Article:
Duke becoming key situational lefty for Reds
CINCINNATI -- Early last month, while things were going very well at Triple-A Louisville, veteran lefty Zach Duke opted to exercise an out clause in his contract and was released. Ten days later, he was re-signed by the organization and returned to Louisville.
"I figured, 'What could it hurt to see what was out there?'" Duke said on Monday. "Nothing was out there, and thankfully they brought me back here. It all worked out the way it was supposed to."
Duke, 30, has been a key second lefty situational reliever to complement Manny Parra in the middle-to-late innings. Entering Monday night, he hadn't allowed a run in five appearances since his Aug. 30 call-up, hadn't allowed a hit in his last four games (1 2/3 innings) and stranded all five inherited runners.
All of Duke's last four outings -- against the Cardinals and Dodgers and in the midst of the Reds' heated National League Central division race -- have been for one or two batters. On Thursday, in a 6-2 win over St. Louis, two runners were on with one out when Duke entered and got Carlos Beltran to ground into an inning- and rally-ending double play in the sixth inning.
"I feel great. I'm very thankful for the opportunities I've had and thankful for the results, for sure. Hopefully I continue to get some situations," Duke said. "I'm a free agent at the end of the year. To be able to contribute in a situation like this, it can mean nothing but good things for me in the future."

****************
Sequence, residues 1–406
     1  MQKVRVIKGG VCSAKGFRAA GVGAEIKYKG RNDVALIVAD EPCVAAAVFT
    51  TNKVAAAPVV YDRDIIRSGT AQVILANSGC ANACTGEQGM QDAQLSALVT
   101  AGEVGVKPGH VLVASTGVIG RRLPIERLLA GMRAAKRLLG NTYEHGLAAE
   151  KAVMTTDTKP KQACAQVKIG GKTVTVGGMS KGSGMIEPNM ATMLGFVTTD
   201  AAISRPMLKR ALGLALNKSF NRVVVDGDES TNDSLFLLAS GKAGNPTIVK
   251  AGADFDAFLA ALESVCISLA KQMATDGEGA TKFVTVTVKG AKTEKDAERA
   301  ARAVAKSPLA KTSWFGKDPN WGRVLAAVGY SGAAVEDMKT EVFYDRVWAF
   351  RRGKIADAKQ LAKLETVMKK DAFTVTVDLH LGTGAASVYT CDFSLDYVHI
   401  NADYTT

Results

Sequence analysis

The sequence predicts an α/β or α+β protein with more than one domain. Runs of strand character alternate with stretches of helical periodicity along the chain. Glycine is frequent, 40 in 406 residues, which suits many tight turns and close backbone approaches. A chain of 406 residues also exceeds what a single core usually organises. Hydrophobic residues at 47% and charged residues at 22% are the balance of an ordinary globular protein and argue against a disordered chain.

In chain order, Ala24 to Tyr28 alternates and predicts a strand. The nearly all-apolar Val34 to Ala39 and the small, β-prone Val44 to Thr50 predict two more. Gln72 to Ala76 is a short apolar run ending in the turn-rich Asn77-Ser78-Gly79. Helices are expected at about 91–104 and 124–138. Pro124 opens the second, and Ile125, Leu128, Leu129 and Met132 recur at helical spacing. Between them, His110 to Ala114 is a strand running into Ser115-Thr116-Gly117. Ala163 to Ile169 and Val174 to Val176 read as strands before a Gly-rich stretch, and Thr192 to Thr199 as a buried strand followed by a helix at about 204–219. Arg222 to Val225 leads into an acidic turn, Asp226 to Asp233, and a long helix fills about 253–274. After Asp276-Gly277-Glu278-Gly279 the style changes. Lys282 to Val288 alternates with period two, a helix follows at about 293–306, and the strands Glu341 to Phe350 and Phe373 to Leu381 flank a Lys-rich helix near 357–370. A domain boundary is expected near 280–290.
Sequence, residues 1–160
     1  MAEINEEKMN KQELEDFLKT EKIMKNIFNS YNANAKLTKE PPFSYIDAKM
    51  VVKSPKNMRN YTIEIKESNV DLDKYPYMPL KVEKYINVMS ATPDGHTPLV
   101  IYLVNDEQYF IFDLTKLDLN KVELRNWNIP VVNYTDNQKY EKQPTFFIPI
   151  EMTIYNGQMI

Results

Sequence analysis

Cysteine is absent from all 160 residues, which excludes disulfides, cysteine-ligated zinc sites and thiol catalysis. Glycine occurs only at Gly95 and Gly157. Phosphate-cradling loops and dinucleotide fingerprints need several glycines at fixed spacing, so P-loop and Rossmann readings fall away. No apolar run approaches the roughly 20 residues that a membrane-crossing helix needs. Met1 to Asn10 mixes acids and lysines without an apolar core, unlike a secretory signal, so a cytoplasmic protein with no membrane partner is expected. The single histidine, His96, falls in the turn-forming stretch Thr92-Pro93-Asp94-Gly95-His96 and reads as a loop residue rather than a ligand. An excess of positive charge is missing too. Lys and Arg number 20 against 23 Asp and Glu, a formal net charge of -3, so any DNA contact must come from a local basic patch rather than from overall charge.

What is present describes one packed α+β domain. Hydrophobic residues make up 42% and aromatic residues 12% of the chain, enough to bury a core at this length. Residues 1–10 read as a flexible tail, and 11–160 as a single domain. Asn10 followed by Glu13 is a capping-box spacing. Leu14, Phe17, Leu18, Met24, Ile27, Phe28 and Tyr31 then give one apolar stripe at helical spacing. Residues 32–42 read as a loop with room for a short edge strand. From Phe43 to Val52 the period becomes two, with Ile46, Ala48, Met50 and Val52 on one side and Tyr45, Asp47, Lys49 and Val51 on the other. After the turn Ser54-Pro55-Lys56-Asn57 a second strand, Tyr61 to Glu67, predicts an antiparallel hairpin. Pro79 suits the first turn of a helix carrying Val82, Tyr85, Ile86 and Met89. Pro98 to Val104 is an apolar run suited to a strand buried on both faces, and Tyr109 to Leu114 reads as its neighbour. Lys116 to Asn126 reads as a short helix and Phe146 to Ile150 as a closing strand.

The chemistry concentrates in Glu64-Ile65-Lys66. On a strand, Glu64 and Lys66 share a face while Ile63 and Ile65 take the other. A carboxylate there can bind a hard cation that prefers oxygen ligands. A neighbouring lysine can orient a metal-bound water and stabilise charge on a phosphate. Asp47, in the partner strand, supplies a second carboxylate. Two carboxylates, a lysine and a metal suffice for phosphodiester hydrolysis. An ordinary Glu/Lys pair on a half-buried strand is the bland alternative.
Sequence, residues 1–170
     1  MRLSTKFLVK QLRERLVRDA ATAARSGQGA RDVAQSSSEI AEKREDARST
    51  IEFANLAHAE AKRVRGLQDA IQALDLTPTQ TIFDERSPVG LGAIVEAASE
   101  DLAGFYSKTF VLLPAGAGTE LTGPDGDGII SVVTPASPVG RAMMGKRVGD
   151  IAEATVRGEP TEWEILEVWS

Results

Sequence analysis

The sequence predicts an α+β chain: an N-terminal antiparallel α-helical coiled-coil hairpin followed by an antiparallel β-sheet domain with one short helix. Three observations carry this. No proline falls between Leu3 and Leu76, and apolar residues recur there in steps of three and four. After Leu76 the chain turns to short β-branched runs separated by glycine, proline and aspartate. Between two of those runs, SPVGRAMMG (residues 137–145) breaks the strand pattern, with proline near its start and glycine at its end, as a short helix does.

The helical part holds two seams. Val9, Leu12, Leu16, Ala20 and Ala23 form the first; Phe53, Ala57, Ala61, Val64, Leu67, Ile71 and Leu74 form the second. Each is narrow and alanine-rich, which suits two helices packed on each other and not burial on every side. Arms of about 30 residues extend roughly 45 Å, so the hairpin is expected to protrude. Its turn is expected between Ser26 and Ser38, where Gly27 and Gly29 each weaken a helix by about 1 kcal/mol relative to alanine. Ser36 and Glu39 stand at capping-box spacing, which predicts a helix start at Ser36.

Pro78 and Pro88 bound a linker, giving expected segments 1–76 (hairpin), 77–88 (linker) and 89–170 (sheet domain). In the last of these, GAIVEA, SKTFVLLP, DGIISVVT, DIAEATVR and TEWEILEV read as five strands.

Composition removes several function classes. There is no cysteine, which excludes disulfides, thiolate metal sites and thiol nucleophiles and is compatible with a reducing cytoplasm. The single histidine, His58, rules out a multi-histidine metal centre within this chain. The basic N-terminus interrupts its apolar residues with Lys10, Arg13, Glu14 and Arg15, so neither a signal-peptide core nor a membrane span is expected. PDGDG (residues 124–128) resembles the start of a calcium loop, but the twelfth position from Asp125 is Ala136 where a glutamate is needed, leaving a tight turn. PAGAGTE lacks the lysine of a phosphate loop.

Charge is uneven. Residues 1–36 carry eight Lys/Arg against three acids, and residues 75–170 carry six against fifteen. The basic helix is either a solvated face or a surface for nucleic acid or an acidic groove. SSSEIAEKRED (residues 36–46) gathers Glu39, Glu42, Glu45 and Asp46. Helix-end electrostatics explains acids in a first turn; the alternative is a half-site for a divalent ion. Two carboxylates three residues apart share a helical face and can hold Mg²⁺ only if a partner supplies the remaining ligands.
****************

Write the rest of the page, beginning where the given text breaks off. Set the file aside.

Duke began the season with the Nationals and was released June 10 after posting an 8.71 ERA in 12 games (including one start) -- with 31 hits allowed and eight walks in 20 2/3 innings. Three days later, he was signed by the Reds and went 2-0 with a 1.30 ERA, 19 hits, five walks and 34 strikeouts in 27 2/3 innings in 26 games for Triple-A Louisville.
What helped with his turnaround? Duke believed being used regularly kept him from rusting out.
"I had the mindset I would be pitching every day and be more than likely to get in the game and not go eight or nine days without getting in a game," Duke said. "It's a lot easier to stay sharp when you get in there consistently."